Hancock prides itself on using only Saaz hops from the Czech Republic, the hops made famous in Czech pilsners. The word “Saaz” appears on many Hancock labels. Most of the brewery’s beers are lagered a full six weeks, giving them great depth of flavors. Others are lagered far longer. Høker Bajer (Shopkeeper’s Bavarian) is a standard pilsner, pale gold, soft and sweetish. Hancock Beer, its label in English, is a stronger (6.5 percent) pilsner, bright gold, sweet, with good body and some hop character that is rare in a Danish pilsner.
The specialties of Hancock are its strong lagers. Jule Bryg (Christmas Brew) is lagered for one year and emerges at 10.6 percent. Påske Bryg (Easter Brew) is also 10.6 percent. Merry Christmas, Happy New Year (again, written in English) drops to a mere 6.5 percent and is lagered for four months.
The highlights of a Hancock tasting are Old Gambrinus Beer, Light and Old Gambrinus Beer, Dark, both aged for at least six months. Don’t be fooled by the word “light” on the first beer’s name. Old Gambrinus Light is a 9.8 percent blonde lager with powerful aromas of malt sweetness and alcohol and a rich, full bodied, malty sweet flavor that finishes slightly dry. Old Gambrinus Dark is also 9.8 percent, sometimes higher, deep amber in color, also sweet and alcoholic in the aroma, and full, rich, malty, chewy, alcoholic and eminently satisfying in its flavor. Before World War II and anti-German feelings (Denmark was neutral at the outbreak of the war, but brutally and harshly occupied by the Germans), this beer was called Munchner Øl (Munich Beer).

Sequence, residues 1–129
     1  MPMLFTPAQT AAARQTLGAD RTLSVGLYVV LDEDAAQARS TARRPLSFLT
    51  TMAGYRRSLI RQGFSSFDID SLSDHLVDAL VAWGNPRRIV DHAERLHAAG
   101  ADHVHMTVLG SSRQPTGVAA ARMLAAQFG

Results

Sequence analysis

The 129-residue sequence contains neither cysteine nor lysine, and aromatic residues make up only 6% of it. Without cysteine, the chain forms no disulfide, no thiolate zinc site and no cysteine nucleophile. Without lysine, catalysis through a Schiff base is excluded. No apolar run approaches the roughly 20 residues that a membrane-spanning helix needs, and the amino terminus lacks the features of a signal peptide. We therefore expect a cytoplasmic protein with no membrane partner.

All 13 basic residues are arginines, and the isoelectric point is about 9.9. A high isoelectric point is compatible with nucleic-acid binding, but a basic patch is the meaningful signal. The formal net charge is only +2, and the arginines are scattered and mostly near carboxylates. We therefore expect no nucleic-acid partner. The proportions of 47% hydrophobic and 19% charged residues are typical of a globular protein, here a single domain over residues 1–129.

Traveling northwest from Skive across the island of Mors and then back onto the mainland, one reaches the town of Thisted, located on the northern shore of the Limfjord. Just 15 miles or so north of Thisted is the North Sea. The town is home to the Thisted Brewhouse, a cooperative independent brewery founded in 1899 by local citizens and the province of Thy. The brewery went bankrupt not long after its inception but was re-established in 1902. It remains to this day a private stock company of 1,800 local residents and 200 former residents. Outsiders need not apply for shares. When a shareholder dies, the shares are passed on to children. The last Saturday of each January is a General Assembly for all shareholders. Business is most likely discussed, but the party goes on until at least 5:00 the next morning.